Footfall goes from “bad to worse” in January

BRC-ShopperTrak Helen Dickinson Andy Sumpter
Footfall in England dropped by a colossal 82% during the first lockdown
// Footfall dropped 78% year-on-year in England in the 4 weeks to January 30, 2021
// Northern Ireland reported the shallowest footfall decline of all regions
// Wales saw the deepest decline at 79.1%

New research has found that footfall went from “bad to worse” in January, as retail destinations continue to be hit harder by the impact of Covid-19 than the previous lockdown.

In the four weeks to January 30, 2021, footfall declined by 78 per cent year-on-year, compared to a 76 per cent decline during the second lockdown (November 5 to December 2) across England.

Footfall in England dropped by a colossal 82 per cent during the first lockdown, which took place from March 23, 2020, to June 15, 2020, BRC-ShopperTrak found.

READ MORE: January footfall drops 65.6% but recovers since first lockdown

Footfall on high streets declined by 73.3 per cent year on year, the deepest decline since May 2020, when footfall dropped 77.8 per cent.

This is worse than both the three and 12-month average declines of 59.8 per cent and 51.3 per cent, respectively.

Retail Parks saw footfall decrease by 40.9 per cent year on year, while shopping centre footfall declined by 78.2 per cent year on year.

Northern Ireland reported the shallowest footfall decline of all regions, with a 66.4 per cent decline in footfall, followed by Scotland at 72.5 per cent.

Meanwhile, Wales saw the deepest decline at 79.1 per cent.

“Footfall went from bad to worse in January, dropping by over three quarters,” BRC chief executive Helen Dickinson said.

“So far, retail locations in England are being hit harder than in the previous lockdown. Under tight restrictions for the whole month, shopping centres saw the biggest decline in footfall of all retail locations, overtaking high streets for the first time since July 2020.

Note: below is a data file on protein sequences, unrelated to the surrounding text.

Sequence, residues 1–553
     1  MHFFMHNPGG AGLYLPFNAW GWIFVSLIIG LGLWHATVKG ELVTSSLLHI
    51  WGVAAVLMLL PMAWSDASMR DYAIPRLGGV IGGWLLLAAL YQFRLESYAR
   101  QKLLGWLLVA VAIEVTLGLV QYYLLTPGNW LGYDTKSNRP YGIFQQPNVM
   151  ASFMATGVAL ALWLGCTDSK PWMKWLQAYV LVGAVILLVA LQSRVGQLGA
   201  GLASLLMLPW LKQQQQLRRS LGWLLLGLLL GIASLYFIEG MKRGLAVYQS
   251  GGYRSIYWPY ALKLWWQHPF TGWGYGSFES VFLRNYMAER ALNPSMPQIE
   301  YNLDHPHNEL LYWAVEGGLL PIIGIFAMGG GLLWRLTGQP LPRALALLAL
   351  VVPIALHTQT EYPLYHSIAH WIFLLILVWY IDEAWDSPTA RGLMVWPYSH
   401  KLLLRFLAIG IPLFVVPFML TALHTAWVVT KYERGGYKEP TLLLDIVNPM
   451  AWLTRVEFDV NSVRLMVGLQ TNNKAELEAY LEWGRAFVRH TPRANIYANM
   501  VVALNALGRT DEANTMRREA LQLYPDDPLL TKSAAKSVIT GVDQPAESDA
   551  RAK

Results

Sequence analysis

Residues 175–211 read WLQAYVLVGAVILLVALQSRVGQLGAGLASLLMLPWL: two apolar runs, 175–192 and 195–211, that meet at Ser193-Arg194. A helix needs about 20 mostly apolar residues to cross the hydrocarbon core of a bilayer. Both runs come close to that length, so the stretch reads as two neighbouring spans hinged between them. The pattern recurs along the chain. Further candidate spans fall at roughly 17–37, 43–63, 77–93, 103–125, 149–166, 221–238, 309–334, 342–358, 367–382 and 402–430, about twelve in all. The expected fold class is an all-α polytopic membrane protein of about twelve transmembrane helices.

“The drop in footfall clearly shows the public heeding government advice to stay home where possible. Retailers have also been playing their part, stepping up safety measures wherever possible in order to keep staff and customers safe.

“Nonetheless, the future uncertainty for closed retailers puts many jobs and stores at risk. In the face of rising rents and return to full business rates liability from April, businesses are having to make business decisions about their future.

“Government must reassure those hardest hit by the pandemic that they will receive vital financial support.

“Without urgent action, including a targeted extension to business rates relief, we will continue to see the collapse of more stores and consequent loss of many more thousands of jobs.”

ShopperTrak retail consultant EMEA Andy Sumpter said: “With the first full month of a new national lockdown, January certainly won’t have been the start to the year retailers were hoping for, as once more they had to shut up shop and inevitably footfall plummeted.

“But while it’s easy to let shuttered stores paint a bleak picture for the future of the high street – with many retailers now having faced almost a full year of store reopenings and closures as waves of Covid-19 have ebbed and flowed – it’s important to remember that when retail has reopened from lockdown, demand for in-store shopping has returned each time.

“And while the pandemic may have accelerated ‘Retail Darwinism’, those that have used this time as an opportunity to reset and invest in the operational foundations to meet new demands will be well placed to capitalise on pent-up demand for the in-person shopping experiences we have all been missing, as well as setting themselves up for strong, long-term growth.”

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